“Chicken wing” is one of golf’s most descriptive terms – and one of its ugliest maladies.
When a golfer’s left elbow buckles outward (toward the target) after impact, the result is a “chicken wing.” Because the swing arc is narrowed and the clubface open, shots typically fly short and often right.
The chicken wing is extremely rare among professional golfers, with Lee Westwood being the most noteworthy exception. On the other hand, it’s fairly common among amateurs and usually caused by one of these problems:
1. Over-rotating the shoulders relative to the hips during the downswing.
2. An overly steep approach angle into the ball.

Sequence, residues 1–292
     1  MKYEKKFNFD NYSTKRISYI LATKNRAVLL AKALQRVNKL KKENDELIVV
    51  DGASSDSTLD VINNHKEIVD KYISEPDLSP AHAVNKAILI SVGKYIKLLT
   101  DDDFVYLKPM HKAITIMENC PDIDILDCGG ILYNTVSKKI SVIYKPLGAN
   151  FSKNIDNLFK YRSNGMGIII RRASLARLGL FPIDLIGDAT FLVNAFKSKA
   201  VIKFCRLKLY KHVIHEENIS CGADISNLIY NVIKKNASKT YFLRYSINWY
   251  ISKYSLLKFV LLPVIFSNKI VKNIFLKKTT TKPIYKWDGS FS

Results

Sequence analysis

3. Keeping the head too rigid.
4. Playing the ball too far back in the stance.
In a well-coordinated swing, the right hand and forearm roll or cross over the left through the impact area. The left elbow folds and remains tucked close to the body, rather than bowing outward.
A classic drill used to cure the chicken wing is to place a towel or similar object under your left armpit, then holding it there throughout the backswing and through-swing. First, try it without hitting a ball. You can also use just the left arm to make practice swings.
On the course, focus on keeping your left shirt sleeve tucked against your side on the follow-through. Your left arm and hand will give way to the rolling of the right, squaring the clubface for improved accuracy and power.